The St. Patrick’s Day Massacre

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Scottish Cup 3rd round, 1991,  and there we were in Forfar, up to our armpits in bridies muttering, “Haven’t we been here before??” It wasn’t the only similarity we would encounter on this cup run.

Happily Forfar didn’t cause any problems this time round and an easy 2:0 victory was recorded. The main talking point after the game was the Forfar fans’ (or should that be “fan’s”?) constant chanting of Terry Hurlock’s name. Rather than admitting to being Huns without the bus fares the locals would doubtless claim that they were just winding us up. Aye right!

St. Mirren were the opponents in the fourth round (a young Paul Lambert featured on the bench). The tie was moved to a midweek slot to accommodate TV – a rare event in Scotland at the time – and first half goals from Coyne, Miller and an o.g. from McWhirter were enough to see Celtic through safely to the last eight.

So, the quarter final draw, and more deja vu as the audible gasps together with the thud of SFA officials hitting the deck in fainting fits could only mean one thing; the big Glasgow teams had to play each other in an early round for the second season in a row.

Rangers, at Celtic Park, with the tie due to be played on St. Patrick’s Day no less.

The build up to this one was naturally very subdued with no one being too bothered about who was going to win… Oh all right. Everyone was going mental!

Not only was our season on the line again, but Rangers were going for the treble. Celtic were due to play them twice in two weeks and recent form suggested that the Hoops were in for a hefty beating – in some cases quite literally.

The more superstitious among us were dismayed to find out that Celtic’s lucky mascot in the Scottish Cup, Chris Morris, was injured. He’d never lost a game in this competition in regulation play. The more football minded among us were dismayed because this meant that Mark McNally might be involved. In the event the more experienced Grant was picked in defence.

If there was any hope to cling on to it was the fact that Rangers hadn’t won a cup tie against the Hoops at Celtic Park since 1905. They also had Scott Nisbet playing in defence.

The game itself started in an unusually quiet manner, both teams dispensing with the traditional early practice of blootering the ball – or the nearest opponent – as far as possible in the direction one happened to be facing at the time. But it wasn’t long before the shrill tone of the referee’s whistle was announcing the first episode of that afternoon’s foulfest as Walters got to show off his silky skills by dextrously clattering Joe Miller into the stand.

Andrew Waddell was that day’s man in black. A pathologist by profession, he was officiating his first Glasgow derby and was about to witness some pretty pathological behaviour from Souness’s stiffs.

Six minutes in, Celtic took the lead when Wdowczyck lofted a free kick to the far side of the Rangers penalty area. Gough was odds-on favourite to get it but his former Dundee United team mate Coyne got the vital nod. The ball broke to Gerry Creaney who managed to blast a shot past Woods and into the corner of the net. It was one of the best goals he ever scored for Celtic and truly typical of the player. Give him an impossible angle and an awkward bouncing ball and he’d fire it in almost every time; give him a one-on-one with the ‘keeper and he’d fall on his arse.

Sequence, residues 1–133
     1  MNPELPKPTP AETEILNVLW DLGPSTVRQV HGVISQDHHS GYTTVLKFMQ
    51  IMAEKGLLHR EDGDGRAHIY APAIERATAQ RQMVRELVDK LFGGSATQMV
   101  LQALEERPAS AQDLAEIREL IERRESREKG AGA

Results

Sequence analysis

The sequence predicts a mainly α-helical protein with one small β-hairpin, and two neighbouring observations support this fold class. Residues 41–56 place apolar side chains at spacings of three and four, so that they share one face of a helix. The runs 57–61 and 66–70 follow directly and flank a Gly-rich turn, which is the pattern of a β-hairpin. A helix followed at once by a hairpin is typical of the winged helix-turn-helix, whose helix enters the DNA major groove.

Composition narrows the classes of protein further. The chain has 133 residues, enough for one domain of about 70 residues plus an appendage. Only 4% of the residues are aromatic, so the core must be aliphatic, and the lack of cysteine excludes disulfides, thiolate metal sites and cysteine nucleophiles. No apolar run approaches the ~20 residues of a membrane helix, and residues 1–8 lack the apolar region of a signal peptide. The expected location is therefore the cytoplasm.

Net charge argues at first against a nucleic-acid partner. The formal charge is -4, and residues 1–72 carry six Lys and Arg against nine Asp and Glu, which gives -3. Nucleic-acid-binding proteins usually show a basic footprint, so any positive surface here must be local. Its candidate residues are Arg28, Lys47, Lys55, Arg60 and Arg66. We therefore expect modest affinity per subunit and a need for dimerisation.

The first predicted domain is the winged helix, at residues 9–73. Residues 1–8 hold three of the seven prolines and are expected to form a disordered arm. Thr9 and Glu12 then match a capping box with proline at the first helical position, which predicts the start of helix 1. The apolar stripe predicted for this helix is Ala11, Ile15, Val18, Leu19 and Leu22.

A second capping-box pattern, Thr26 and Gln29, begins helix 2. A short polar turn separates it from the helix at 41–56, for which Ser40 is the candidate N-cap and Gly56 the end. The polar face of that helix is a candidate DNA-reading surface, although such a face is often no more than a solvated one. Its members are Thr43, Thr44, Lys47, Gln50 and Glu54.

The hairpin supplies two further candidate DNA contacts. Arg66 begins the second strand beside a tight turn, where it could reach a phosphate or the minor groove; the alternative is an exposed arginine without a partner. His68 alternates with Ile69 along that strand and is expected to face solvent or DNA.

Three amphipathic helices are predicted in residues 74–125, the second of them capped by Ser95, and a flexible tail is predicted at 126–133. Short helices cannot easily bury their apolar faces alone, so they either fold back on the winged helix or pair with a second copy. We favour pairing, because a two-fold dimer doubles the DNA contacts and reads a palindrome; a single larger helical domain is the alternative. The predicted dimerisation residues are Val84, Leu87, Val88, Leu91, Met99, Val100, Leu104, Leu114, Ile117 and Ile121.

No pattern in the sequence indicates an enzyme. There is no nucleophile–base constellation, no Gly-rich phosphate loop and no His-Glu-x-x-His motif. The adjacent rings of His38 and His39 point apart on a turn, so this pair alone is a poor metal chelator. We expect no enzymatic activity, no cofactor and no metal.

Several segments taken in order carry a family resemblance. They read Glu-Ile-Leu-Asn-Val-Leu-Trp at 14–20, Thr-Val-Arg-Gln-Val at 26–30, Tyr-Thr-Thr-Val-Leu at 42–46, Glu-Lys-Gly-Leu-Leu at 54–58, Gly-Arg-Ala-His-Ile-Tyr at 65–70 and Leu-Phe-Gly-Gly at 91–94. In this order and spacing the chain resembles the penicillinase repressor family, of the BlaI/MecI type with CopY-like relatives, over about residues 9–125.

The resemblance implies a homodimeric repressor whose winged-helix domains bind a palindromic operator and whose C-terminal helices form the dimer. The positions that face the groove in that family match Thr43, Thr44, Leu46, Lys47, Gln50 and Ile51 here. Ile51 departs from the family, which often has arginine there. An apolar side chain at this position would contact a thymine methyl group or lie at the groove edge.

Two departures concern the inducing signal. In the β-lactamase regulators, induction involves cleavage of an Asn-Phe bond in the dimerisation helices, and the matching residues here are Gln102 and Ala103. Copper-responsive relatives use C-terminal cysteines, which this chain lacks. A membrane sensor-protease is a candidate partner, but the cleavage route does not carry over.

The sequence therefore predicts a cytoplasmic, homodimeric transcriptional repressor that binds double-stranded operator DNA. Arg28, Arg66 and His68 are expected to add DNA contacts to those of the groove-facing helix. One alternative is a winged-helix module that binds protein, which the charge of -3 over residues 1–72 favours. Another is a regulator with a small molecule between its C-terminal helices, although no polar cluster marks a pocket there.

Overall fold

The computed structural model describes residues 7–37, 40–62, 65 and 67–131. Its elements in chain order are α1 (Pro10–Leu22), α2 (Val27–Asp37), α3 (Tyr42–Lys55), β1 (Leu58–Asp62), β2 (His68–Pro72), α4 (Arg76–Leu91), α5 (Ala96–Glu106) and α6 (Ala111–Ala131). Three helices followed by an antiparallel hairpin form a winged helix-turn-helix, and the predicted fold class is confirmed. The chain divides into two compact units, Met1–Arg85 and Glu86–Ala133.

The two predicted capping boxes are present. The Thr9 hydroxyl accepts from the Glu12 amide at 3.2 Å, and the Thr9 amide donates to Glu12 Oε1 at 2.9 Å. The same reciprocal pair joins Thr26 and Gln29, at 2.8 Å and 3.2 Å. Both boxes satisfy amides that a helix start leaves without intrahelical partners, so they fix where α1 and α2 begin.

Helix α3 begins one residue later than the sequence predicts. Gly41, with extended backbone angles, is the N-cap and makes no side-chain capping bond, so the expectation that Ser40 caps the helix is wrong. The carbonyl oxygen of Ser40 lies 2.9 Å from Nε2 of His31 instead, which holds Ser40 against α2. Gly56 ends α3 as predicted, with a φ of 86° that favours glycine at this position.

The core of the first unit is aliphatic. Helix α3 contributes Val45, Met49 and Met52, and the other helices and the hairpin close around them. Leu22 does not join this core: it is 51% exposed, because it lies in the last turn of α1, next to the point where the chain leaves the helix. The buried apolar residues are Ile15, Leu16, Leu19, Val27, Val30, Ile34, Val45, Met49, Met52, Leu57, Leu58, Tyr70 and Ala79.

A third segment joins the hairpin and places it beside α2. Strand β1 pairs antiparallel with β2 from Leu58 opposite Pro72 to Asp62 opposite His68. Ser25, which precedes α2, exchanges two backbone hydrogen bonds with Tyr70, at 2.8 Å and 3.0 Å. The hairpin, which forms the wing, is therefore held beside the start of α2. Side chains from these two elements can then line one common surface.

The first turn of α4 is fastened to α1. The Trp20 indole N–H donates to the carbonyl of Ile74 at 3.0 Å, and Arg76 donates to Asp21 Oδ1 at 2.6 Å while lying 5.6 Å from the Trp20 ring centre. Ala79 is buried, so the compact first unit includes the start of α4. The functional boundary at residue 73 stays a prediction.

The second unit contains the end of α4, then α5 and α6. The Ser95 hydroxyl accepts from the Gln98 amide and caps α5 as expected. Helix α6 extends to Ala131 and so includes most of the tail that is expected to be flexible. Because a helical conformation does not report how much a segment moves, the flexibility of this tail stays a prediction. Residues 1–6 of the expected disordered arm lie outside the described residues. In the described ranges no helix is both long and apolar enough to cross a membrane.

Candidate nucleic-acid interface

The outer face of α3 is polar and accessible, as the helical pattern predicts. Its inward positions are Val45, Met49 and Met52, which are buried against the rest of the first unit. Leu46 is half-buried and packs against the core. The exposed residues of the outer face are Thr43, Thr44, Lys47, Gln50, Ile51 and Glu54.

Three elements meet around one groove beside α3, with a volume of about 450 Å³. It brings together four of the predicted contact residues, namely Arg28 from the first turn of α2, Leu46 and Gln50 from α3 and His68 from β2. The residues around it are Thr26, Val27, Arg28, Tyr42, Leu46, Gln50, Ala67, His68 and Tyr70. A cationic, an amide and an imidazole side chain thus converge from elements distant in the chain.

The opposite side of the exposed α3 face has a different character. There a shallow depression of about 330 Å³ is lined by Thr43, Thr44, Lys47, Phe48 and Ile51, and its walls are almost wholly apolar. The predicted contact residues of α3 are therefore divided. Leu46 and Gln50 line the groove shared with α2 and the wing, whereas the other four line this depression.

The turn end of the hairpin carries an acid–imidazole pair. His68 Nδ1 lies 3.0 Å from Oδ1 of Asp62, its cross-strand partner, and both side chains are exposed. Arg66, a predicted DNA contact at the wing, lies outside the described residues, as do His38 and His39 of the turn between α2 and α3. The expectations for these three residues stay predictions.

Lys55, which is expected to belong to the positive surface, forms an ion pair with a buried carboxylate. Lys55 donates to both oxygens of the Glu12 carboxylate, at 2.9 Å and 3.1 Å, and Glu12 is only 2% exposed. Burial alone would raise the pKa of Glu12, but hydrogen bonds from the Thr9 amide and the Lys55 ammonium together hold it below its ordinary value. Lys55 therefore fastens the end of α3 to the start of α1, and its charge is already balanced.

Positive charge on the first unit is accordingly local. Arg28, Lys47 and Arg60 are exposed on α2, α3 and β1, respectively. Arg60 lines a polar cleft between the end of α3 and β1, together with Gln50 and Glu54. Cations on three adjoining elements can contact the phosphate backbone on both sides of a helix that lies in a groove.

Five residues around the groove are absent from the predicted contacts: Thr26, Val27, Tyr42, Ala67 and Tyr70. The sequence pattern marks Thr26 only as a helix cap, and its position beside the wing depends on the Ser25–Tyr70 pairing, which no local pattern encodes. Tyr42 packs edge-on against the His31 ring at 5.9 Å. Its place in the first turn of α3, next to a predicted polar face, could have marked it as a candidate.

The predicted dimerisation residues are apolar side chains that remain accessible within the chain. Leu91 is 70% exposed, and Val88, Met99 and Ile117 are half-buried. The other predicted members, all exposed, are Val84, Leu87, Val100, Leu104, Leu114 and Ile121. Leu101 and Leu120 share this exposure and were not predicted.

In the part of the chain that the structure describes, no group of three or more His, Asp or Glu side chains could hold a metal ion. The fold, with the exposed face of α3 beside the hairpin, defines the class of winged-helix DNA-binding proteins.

Rangers were not impressed by this unexpected turn of events and came roaring back. Bonner had to come for several dangerous crosses and Trevor Steven saw a header float just wide.

Things took a turn for the worse for the silenced blue hordes shortly after that. Steven, the man Rangers looked to in midfield, caught his studs in the turf while attempting to foul Joe Miller, who was having a rare afternoon of good form on the right wing.

Steven was carried off to a sympathetic chorus of “Dig a hole and bury him” from the Jungle. On the way up the tunnel he passed assistant manager Walter Smith who was sporting a ghastly blue shell suit and white trainers ensemble that made him look like a pensioner who had been adopted by the Aberdeen casuals as a lucky mascot. His loss took the creative thrust from Rangers and Celtic, with McStay in top form, took control of this crucial area.

The answer from Souness was to trundle Big Bertha out and begin the aerial bombardment. The contrast in forward lines took on a familiar look. Predating Blackburn’s SAS (Sutton and Shearer) Celtic were fielding the MCC (Miller, Coyne and Creaney. Rangers were relying on the HUB (Hateley’s an Ugly Bastard).

In truth the game was one for the Doug Baillie raw meat enthusiasts rather than admirers of the Dutch national team, due largely to the interminable stoppages for fouls and injuries, but just before half-time Celtic got another break. With the clock ticking down to the interval Celtic were awarded a foul after Hurlock – the kind of player that often had opponents reaching for the garlic and crucifix – had grounded Creaney for the umpteenth time.